Alan Jones breached broadcasting codes with ‘violent’ Ardern metaphors and inaccurate climate change comments

Alan Jones breached broadcasting codes for decency in his use of “violent metaphors” about New Zealand prime minister Jacinda Ardern and accuracy in his comments about climate change, the media watchdog has found days before the shock-jock retires after a 35-year career.

The Australian Communications and Media Authority ordered the 79-year-old to make an on-air correction about the climate change comments but found he has already apologised for his criticism of Ardern.

Jones said on air on Thursday morning that he had incorrectly asserted that biomass is a fossil fuel. The Acma found he presented figures relating to Australia and New Zealand’s percentage of energy use from solar and wind that were incorrect.

The now infamous August 2019 broadcast – which led to an unprecedented advertiser boycott – attracted more than 125 complaints and was found to have “offended against generally accepted community standards of decency”.

The offensive statements included: “I just wonder whether Scott Morrison’s going to be fully briefed to shove a sock down her throat”, “Now I hope Scott Morrison gets tough here with a few backhanders”, and “I hope he goes for the throat this morning.”

Jones is retiring just one year into a two-year $8m contract with Nine Radio after an advertiser boycott stripped 50% of the show’s revenue and caused the entire network to suffer. His advertisers were targeted by social media activists Sleeping Giants and Mad Fucking Witches after the Ardern comments last year.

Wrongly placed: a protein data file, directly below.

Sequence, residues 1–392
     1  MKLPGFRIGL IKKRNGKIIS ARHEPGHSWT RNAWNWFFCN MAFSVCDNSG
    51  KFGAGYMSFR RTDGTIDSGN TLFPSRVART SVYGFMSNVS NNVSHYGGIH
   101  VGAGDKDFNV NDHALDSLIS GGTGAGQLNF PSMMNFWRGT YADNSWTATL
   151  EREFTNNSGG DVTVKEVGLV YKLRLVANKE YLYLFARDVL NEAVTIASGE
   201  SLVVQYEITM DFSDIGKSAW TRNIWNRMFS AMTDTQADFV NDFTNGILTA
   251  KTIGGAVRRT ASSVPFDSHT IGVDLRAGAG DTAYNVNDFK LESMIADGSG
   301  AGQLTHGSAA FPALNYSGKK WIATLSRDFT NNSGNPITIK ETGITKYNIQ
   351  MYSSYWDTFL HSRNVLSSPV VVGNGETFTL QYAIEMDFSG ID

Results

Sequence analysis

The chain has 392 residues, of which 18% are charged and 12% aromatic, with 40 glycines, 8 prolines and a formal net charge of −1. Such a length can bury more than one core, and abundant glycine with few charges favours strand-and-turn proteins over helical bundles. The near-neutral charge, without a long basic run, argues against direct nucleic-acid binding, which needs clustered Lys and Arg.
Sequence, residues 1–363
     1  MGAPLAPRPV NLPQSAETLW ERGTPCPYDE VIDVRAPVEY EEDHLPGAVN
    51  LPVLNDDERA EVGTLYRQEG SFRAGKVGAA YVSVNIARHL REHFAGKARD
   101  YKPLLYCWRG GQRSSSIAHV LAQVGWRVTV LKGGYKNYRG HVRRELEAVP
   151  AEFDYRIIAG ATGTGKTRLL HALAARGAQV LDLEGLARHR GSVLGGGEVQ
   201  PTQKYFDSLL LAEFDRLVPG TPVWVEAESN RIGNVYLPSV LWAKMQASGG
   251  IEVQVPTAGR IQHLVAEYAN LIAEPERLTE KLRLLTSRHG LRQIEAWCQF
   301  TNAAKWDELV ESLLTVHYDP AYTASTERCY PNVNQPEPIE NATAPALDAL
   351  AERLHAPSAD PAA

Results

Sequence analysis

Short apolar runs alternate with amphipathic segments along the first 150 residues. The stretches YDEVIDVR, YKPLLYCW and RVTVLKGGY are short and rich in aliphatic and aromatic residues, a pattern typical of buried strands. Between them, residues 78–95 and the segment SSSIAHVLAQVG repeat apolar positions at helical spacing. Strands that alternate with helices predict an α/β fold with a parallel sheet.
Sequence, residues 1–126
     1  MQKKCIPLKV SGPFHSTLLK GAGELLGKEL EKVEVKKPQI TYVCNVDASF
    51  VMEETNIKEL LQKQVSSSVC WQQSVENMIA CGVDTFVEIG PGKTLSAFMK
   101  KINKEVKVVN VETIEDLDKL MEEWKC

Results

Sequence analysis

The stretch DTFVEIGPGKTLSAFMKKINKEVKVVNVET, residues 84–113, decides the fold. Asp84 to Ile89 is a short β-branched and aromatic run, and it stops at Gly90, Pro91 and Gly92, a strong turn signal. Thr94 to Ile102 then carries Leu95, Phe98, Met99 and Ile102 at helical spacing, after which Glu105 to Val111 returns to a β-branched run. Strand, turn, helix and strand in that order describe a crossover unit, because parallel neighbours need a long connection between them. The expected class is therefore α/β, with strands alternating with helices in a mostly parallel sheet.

The Acma chair Nerida O’Loughlin said the comments were not appropriate for public radio broadcasting in today’s Australia.

“The repeated use of violent metaphors by Mr Jones and his apparent encouragement of aggressive silencing of Ms Ardern was highly offensive and did not meet contemporary community expectations,” O’Loughlin said.

“This was evident in the public display of outrage from the community, actions by advertisers and actions by then chairman of Macquarie Media who publicly stated any recurrence of this type of comment would result in the termination of Mr Jones’ contract.”

Because Jones made an on-air and a written apology and received counselling from management, no further action was taken on the decency breaches.

“Given the imminent retirement of Mr Jones from 2GB and the actions taken by Macquarie Media and Mr Jones at the time, the Acma is not taking further action against the licensee for breach of the decency rules,” O’Loughlin said.

Jones did not use like-for-like data in his statements about climate change policy, the authority found, in contravention of the industry code which requires broadcasters to “use reasonable efforts to ensure the facts they are presenting are accurate”.

“The factual error and inconsistent information were used to incorrectly portray that Australia generates more of its energy from renewables than New Zealand,” O’Loughlin said.

His retirement comes nine months after the station’s management said Jones was on his final warning for offensive comments and took the unprecedented step of scolding him publicly.

Despite dominating breakfast radio in Sydney for 35 years, recording an unequalled 226 survey wins, his conduct on air has led to the radio station losing advertisers and haemorrhaging revenue.

The incident will be used in staff training at 2GB, the authority said.